(a) Scheme of the experiments. Data were collected from transverse TA muscle cryosections of adult mice. (b) SAβGal staining combined with immunohistochemistry using anti-Ki67 or anti-GFP antibodies on control (left panel) and Flk-1GFP/+(right panel) mice. Brown arrowheads point to Ki67+ only cells; blue arrowhead points to SAβGal+ only cells and black arrowhead points to GFP+/SAβGal+ cells. (c) Quantification of SAβGal+ cells in INK4a/ARF mutant mice at 10 DPI (control: n=12 TA, 6 mice, 3.7±0.2 cells per unit area; INK4A/ARF mutant mice n=12 TA, 6 mice, 2.72±0.2 cells per unit area; MW P=0.0053). (d, f) Schemes of the experiments. (e, g) SAβGal staining on transverse TA muscle cryosections. (h) Quantification of SAβGal+ cells during regeneration in controls and mutants at 10 DPI, 21 DPI, and in 8-weeks old DMDmdx-βgeo mice. 10 DPI Tg:Pax7nGFP: n=6 sections, 3 mice, 3.65±0.64 cells per unit area; control: n=5 sections, 4 mice, 3.5±0.26 cells per unit area; mutant: n=9 sections, 3 mice, 5±0.35 cells per unit area; MW Tg:Pax7nGFP versus control P=0.7922, Tg:Pax7nGFP versus mutant P=0.0256, control versus mutant P=0.0040. The number of SAβGal+ cells at 10 DPI is similar in Tg:Pax7nGFP mice compared with controls (Tg:Pax7CT2;NumbF/+;NumblΔ/+) showing that the tamoxifen treatment or the presence of the Cre recombinase did not interfere with the process. 21 DPI control: n=6 sections, 3 mice, 0.14±0.05 cells per unit area; mutant: n=6 sections, 4 mice, 0.71±0.21 cells per unit area; MW P=0.0043. DMDmdx-βgeo: n=6 sections, 3 mice, 2.1± 0.4 cells per unit area; Numb:Numbl:DMDmdx-βgeo: n=6 sections, 4 mice, 4.6±1.1 cells per unit area; MW P=0.0411. (i) Scheme of experiment. (j) Quantification of the number of SAβGal+ cells (control: n=6 sections, 3 mice, 3.2±0.1 cells per unit area; control+NAC: n=8 sections, 4 mice, 3.4±0.2 cells per unit area; mutant: n=8 sections, 4 mice 4.7±0.1 cells per unit area; mutant+NAC: n=8 sections, 4 mice, 3.4±0.5 cells per unit area; MW control versus control+NAC P=0.4136, control versus mutant P=0.0007, control+NAC versus mutant P=0.0006, mutant versus mutant+NAC P=0.0148). (k) Hematoxylin/eosin staining of mutant TA muscles treated or not with NAC. Quantifications are presented as mean±s.e.m. Scale bars b: 50 μM, e,g,k: 100 μM. NS, not significant.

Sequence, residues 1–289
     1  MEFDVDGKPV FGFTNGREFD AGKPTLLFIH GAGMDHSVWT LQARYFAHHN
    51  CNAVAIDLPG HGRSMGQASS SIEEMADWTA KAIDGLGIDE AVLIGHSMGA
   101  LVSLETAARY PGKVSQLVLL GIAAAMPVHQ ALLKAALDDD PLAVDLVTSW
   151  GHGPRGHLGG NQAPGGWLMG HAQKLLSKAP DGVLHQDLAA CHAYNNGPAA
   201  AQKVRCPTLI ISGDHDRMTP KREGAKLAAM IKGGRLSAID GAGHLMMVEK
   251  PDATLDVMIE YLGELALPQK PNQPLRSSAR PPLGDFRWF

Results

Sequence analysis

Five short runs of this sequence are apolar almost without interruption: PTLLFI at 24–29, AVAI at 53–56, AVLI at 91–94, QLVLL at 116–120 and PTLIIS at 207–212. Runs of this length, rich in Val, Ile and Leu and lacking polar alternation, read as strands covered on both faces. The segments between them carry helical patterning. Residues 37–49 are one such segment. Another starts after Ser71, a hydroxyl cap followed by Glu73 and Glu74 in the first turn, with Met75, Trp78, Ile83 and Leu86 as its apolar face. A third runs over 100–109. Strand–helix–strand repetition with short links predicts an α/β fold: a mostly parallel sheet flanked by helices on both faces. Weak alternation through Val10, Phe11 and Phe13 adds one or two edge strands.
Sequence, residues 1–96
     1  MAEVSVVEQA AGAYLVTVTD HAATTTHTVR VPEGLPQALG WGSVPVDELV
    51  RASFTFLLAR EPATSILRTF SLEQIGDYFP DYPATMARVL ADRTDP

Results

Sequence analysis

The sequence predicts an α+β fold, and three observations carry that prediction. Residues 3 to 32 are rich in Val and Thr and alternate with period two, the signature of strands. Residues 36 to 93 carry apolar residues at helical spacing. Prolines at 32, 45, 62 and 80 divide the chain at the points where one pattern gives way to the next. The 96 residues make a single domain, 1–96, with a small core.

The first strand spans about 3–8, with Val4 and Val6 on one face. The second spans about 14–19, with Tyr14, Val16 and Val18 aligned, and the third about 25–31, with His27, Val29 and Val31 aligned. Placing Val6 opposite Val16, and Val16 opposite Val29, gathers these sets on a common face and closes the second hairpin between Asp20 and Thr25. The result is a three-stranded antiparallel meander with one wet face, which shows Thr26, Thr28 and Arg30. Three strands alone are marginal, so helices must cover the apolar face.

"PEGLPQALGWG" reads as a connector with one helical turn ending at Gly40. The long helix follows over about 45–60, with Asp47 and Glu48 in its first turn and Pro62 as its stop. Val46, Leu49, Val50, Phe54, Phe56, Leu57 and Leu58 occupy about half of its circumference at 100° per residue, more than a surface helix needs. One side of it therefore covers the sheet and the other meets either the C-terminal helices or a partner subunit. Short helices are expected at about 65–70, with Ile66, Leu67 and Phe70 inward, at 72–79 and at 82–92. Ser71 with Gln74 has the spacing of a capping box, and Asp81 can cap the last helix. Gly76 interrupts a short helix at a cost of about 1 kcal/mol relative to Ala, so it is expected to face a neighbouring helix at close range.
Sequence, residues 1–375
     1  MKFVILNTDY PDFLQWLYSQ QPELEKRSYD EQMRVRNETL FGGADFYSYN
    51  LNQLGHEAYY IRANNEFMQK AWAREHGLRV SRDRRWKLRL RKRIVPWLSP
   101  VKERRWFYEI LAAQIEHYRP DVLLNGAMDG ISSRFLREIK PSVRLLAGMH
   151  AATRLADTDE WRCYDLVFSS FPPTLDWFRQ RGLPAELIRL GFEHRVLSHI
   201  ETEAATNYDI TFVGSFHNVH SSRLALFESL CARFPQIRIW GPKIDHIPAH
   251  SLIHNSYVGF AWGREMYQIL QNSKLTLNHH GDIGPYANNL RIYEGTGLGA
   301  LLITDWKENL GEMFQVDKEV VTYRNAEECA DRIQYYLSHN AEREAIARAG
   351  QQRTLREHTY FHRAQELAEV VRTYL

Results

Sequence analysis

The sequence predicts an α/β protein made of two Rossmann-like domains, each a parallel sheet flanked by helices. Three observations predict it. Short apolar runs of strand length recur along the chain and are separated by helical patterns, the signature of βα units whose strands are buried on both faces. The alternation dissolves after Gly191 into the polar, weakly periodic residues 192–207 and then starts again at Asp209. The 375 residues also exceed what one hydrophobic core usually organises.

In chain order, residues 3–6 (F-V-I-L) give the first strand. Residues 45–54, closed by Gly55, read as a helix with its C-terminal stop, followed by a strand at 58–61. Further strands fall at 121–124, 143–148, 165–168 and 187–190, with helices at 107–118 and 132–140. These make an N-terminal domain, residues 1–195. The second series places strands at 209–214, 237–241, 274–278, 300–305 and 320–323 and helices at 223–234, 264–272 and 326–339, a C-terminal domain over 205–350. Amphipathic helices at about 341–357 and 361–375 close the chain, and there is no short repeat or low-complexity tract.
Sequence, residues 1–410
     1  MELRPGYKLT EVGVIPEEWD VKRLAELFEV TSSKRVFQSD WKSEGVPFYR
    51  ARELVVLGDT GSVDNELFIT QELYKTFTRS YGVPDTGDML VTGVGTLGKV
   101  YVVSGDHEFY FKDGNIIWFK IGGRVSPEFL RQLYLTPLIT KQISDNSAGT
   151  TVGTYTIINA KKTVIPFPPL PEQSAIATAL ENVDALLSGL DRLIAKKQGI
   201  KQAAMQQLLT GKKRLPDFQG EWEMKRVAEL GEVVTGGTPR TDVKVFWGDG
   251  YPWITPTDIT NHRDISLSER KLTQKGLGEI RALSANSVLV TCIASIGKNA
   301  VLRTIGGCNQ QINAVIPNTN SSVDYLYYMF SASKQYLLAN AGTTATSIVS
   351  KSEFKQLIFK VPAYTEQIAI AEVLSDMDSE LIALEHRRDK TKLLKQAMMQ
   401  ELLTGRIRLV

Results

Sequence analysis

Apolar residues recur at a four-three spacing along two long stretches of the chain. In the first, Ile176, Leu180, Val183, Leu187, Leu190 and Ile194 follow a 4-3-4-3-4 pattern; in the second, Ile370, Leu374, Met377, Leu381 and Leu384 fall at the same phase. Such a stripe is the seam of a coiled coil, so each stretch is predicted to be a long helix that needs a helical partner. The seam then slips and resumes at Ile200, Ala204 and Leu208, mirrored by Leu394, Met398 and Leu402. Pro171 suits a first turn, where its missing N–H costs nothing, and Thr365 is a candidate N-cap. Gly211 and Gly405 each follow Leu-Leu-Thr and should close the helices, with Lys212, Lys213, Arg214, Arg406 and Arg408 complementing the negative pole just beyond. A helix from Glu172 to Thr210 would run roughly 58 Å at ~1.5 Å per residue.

Importantly, in all conditions tested, the number of SAβGal+ cells was significantly higher in mutant mice compared with controls (Fig. 4d–h). The most notable difference between both genotypes was a five-fold increase in SAβGal+ cells at 21 DPI when homeostasis was being restored, representing a third of the total population of quiescent cells (see cell numbers in Fig. 1l and Fig. 4h). The level of reactive oxygen species (ROS) can initiate senescence, and treatments with anti-oxidants delay or prevent cellular senescence15. We thus tested if reducing ROS levels during regeneration would alter the number of SAβGal+ cells. Mice were exposed to the anti-oxidant N-acetyl cysteine (NAC) from 5–10 DPI and SAβGal+ cells were quantified (Fig. 4i). The number of SAβGal+ cells was similar in controls with or without NAC treatment. In contrast, treatment with NAC resulted in a reduction in the number of senescent cells in mutants to levels observed in controls (Fig. 4j). Strikingly, histological analysis showed that treatment with NAC resulted in a rescue of the regeneration phenotype and tissue architecture in Numb:Numbl null mutants (Fig. 4k). We then investigated if the absence of Numb/Numbl in myogenic cells induces a cell autonomous increase of ROS. To do so, we dissociated muscles at 5 and 10 DPI and incubated cells with the Cell Rox reagent (Supplementary Fig. 4e). At both time points examined, ROS levels in mGFP+ cells were comparable between controls and mutants (Supplementary Fig. 4f, g). Thus, the absence of Numb/Numbl does not induce an increase of ROS. Importantly, moderate increased levels of ROS appeared during lineage progression (Supplementary Fig. 4f), and this was shown previously to sensitize foetal myogenic and hematopoietic progenitors cells to differentiation35,36. It is thus tempting to speculate that the myogenic population affected by the loss of Numb/Numbl corresponds to a sub-population of cells with increased endogenous ROS levels, and that is committed either to differentiate or to return to quiescence. In summary, we identified two types of senescence; one that is transient during muscle regeneration in wild-type mice, and a second type exclusive to Numb:Numbl mice, that persists until regeneration was virtually completed. The latter was uniquely rescued by anti-oxidant treatment between 5–10 DPI.